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Game of Thrones: Walk of Punishment

“All men must die. But we are not men.”

The “smallfolk” of Westeros—the peasants and innkeepers and such—are often mentioned but rarely seen in the Song of Ice and Fire books. The series has mostly followed that model, although of course we get appropriately dirty orphans and farmers in the background of some scenes. Benioff and Weiss, however, have followed the books in emphasizing those people somewhere between “the powerful” and “the not”—women, second sons, minor lords. “Walk of Punishment” continues that tradition, by focusing on characters without a lot of power, despite family connections. It’s an episode of outcasts.

Dany’s time in Astapor had the most obvious rumination on this theme, as Dany still hasn’t decided whether to buy a slave army. (Note to newbies: this is going somewhere, I promise.) Unlike rulers like Joffrey, Dany does care about slaves. She remembers being chattel. Messandrei’s brief smile as she realized that Dany wasn’t like her other masters was wonderful: not just the female empowerment, but that Dany said “we” and meant both herself and a slave. Dany is creating a community of outcasts.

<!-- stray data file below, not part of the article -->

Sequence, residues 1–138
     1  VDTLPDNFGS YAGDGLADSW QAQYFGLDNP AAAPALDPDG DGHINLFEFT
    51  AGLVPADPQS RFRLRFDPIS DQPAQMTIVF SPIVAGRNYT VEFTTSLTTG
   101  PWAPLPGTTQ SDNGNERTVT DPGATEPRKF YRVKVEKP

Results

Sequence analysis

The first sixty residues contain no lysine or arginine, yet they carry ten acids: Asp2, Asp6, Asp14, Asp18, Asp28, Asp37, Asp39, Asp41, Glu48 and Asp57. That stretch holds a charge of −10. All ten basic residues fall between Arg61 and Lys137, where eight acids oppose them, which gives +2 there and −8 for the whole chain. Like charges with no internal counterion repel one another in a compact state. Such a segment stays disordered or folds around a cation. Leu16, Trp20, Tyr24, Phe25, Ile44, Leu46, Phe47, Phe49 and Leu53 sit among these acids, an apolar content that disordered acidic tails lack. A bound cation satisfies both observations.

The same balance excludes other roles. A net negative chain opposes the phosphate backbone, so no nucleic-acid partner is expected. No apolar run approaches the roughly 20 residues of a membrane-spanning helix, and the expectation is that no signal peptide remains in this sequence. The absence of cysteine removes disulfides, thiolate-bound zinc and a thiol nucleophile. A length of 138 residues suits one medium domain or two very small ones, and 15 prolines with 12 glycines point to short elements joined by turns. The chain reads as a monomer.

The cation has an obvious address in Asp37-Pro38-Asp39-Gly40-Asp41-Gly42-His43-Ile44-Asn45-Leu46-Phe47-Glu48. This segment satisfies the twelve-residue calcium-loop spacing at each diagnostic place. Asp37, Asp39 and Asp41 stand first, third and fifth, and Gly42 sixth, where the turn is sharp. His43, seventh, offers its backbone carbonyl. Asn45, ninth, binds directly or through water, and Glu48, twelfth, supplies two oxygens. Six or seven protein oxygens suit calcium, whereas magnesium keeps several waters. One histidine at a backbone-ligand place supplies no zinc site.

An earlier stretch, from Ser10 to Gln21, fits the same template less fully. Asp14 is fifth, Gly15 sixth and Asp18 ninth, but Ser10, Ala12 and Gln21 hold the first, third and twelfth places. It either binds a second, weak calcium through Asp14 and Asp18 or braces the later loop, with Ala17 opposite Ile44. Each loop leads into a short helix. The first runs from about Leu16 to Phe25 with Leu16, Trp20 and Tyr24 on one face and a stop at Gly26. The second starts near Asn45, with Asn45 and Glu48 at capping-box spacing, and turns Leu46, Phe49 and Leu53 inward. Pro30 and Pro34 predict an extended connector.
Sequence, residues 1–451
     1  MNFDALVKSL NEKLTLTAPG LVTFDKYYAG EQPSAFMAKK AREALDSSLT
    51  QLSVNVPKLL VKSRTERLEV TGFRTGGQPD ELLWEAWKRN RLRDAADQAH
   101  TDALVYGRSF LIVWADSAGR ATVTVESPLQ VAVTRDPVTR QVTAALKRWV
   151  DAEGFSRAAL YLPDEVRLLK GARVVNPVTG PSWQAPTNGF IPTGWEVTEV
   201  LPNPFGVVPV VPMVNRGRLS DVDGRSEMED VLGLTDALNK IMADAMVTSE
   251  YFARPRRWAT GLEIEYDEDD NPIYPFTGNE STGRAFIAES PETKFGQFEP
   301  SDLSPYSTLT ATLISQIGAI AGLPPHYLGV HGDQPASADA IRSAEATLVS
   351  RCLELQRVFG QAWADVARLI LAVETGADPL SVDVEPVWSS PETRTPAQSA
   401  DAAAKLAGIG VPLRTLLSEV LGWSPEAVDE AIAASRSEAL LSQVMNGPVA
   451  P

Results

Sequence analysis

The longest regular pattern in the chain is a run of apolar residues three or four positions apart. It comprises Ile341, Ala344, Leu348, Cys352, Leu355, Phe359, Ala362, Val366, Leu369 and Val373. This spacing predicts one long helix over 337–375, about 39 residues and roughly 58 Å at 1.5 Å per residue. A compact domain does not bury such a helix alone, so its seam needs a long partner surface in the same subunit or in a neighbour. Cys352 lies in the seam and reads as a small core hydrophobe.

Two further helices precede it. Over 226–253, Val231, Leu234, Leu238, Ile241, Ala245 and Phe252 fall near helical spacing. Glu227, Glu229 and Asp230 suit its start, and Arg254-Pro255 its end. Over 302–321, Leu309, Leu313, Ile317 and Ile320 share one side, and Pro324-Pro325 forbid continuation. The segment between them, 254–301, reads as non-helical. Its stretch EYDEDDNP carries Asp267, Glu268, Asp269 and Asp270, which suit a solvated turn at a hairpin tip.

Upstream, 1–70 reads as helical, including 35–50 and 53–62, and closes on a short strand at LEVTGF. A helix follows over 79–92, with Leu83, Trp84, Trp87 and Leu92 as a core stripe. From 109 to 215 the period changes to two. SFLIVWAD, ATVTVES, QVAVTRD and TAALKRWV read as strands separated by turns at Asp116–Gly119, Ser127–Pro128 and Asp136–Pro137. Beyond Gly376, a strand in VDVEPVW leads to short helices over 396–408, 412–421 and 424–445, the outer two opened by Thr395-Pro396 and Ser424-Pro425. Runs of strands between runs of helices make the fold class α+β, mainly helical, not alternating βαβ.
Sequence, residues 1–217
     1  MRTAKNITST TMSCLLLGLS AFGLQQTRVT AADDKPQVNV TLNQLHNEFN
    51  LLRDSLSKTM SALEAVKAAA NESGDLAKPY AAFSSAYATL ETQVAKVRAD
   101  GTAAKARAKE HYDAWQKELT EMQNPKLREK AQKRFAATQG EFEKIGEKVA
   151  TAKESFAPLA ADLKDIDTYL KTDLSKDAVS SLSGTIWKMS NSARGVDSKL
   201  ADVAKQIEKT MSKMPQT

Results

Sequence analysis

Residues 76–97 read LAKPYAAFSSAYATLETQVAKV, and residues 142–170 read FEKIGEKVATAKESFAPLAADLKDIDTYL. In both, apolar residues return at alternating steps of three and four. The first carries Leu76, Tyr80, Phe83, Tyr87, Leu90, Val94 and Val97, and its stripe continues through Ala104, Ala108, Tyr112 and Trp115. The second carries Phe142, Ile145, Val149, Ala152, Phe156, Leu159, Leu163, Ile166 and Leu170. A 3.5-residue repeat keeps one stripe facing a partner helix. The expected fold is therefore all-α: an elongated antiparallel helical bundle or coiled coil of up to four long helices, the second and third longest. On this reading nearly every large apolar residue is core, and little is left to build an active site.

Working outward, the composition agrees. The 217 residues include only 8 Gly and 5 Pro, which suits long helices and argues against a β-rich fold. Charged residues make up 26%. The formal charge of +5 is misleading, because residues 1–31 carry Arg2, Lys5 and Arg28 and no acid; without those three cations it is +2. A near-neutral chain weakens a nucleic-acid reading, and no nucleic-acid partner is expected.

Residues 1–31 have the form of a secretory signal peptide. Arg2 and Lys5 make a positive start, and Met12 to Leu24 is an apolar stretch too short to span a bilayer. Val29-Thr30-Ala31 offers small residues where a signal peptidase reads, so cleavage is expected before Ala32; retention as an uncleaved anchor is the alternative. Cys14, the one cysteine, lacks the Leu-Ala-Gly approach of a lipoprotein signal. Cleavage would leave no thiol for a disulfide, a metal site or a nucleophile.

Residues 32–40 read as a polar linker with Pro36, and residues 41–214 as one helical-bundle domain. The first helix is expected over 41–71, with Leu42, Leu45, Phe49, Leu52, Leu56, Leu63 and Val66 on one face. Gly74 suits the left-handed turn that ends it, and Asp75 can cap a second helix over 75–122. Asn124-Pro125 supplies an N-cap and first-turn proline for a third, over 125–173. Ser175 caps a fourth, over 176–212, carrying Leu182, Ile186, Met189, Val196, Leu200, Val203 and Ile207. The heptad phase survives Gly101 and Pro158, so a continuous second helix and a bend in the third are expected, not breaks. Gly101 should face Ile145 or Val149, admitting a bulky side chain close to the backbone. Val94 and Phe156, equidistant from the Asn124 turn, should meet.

Not all outcasts are hiding nobility under their grime, though. Edmure Tully, Catelyn’s ne’er-do-well brother, has the power of family but not the power of competence. He couldn’t even light his father’s floating bier. Uncle Brynden “Blackfish” Tully doesn’t have the rights of inheritance, but he does have the competence—and how far will that take him? Not far, perhaps, as his name implies: years ago, his brother made a joke about him being the family’s black sheep. As their sigil is a fish, Brynden turned that into a “black fish,” and embraced his outcast status.

Why? He knows that what Littlefinger said is true: titles breed titles, and it takes titles to breed titles. Those in power spend their time acquiring more power and struggling to keep what they have. The small chamber meeting in King’s Landing showed that beautifully. Tywin has so much power that the most powerful men in the city waited for his tacit permission to sit down. Cersei moved her chair to the head of the table, trying to prove her power but accidentally showing how little she has and how desperate she is to keep it. Tyrion simultaneously made fun of her with some musical chairs of his own, and seated himself at the foot, where his father thinks he belongs.